In some of our conversations, the term REM sleep pops up every once in a while. We are curious about what it is. While we know that it is a stage in our sleep cycle, let’s dig deeper into REM sleep and explore what exactly happens to us during this sleep stage.

REM stands for the sleep stage that is characterized by rapid eye movement. This is the stage in our sleep in which vivid, narrative dreams occur so REM sleep is sometimes also called as “dream sleep”. During this time, our body is completely paralyzed. Voluntary muscles are at rest but involuntary muscles which control automatic operations (like breathing!) continue to operate. All the while our brain activity during this stage is almost identical to when we are awake. This means that we have a sleeping body and a wakeful brain – this is the reason why this sleep stage is also called “paradoxical sleep”.

During this stage, our breathing and heart rate are higher and more irregular compared to other sleep stages. The first period of REM usually occurs approximately 90 minutes after falling asleep. REM periods increase as the night progresses. The first episode of REM sleep during our sleep does not last more than 10 minutes while the last episode of this stage in the cycle lasts up to an hour.

During REM sleep, activation in visual, motor, emotional and autobiographical memory regions of the brain is high. However, regions that control rational thought are deactivated compared to the otherwise active brain during this stage.

Why is REM sleep important?

REM sleep supports a variety of functions and processes that are crucial for our mental health and cognitive abilities. During this stage, concentrations of the stress and anxiety triggering chemical called noradrenaline are shut off within the brain. Meanwhile, the emotion and memory related structures (amygdala, hippocampus) of the brain are reactivated. This enables the reprocessing of upsetting memories/ experiences in a stress-free state. Hence, REM sleep along with content specific dreams, helps us dissolve the emotional charge that comes from painful/ traumatic moments that we may have experienced during the day. REM sleep and content specific dreams help us heal emotional wounds.

REM sleep also supports the fusion and the blending of new and old information which helps us boost our creativity and problem-solving skills. Moreover, positive contributions of REM sleep and REM density have been found for cognitive performance.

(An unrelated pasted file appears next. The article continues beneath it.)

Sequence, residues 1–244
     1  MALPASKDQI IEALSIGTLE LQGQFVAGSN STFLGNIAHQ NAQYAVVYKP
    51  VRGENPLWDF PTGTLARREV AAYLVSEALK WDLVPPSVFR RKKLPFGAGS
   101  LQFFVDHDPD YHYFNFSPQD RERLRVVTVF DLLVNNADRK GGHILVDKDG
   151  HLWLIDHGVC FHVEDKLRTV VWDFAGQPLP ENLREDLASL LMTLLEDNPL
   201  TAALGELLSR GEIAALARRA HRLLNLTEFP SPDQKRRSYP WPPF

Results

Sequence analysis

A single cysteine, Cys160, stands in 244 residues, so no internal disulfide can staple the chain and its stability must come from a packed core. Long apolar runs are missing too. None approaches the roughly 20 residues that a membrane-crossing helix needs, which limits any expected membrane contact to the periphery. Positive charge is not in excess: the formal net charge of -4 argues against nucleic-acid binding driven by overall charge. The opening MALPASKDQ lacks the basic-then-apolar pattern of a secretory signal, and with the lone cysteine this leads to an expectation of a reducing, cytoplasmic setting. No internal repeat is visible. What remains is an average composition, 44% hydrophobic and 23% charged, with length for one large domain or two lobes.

What are the problems that may occur during REM Sleep?

Alcohol has shown to suppress REM sleep. The metabolization of alcohol is accompanied by the production of chemicals (aldehydes and ketones) which block REM sleep and deprive us from its valuable functions at night.

As mentioned, the brain paralyzes the body during this stage. In normal cases, when we wake up and return to consciousness, the brain releases the body from the paralysis immediately. However, in cases of narcolepsy (a sleeping disorder), the paralysis prolongs into the state of being awake. This leads to an inability to move your body – not even your eyelids or your mouth. However, within a few minutes, the paralysis should cease and full body control should be regained.

Paralysis, however, is not unique to people who suffer from narcolepsy, but can also occur among healthy individuals. Generally, paralysis does not pose any worrying risks. However, if you notice that it occurs regularly or you feel like it is getting worse, it is best if you see your doctor.

Until now, it has not yet been fully understood why paralysis develops but it has been linked to other sleeping disorders or irregularities like insomnia, disrupted sleeping patterns due to work shifts or jetlag, PTSD, anxiety and panic disorders. A regular sleep rhythm, following measures that promote a good sleep, and adhering to sufficient sleep duration are some steps that can help prevent paralysis.

Now that you know why REM sleep is so important and learned about some of the problems that may occur during this sleep stage, we encourage you to try employing better sleeping habits. Sleep is an essential part of our day to day and we need to give it attention in the same way we give our wakeful activities attention.



Aakash, K. P., Reddy, V., & Araujo, J. F. (2020). Physiology, Sleep Stages.

Feinberg I, Koresko RL, & Heller N. (1967). EEG sleep patterns as a function of normal and pathological aging in man. Journal of Psychiatric Research.

Walker, M. (2017). Why We Sleep. Unlocking the Power of Sleep and Dreams.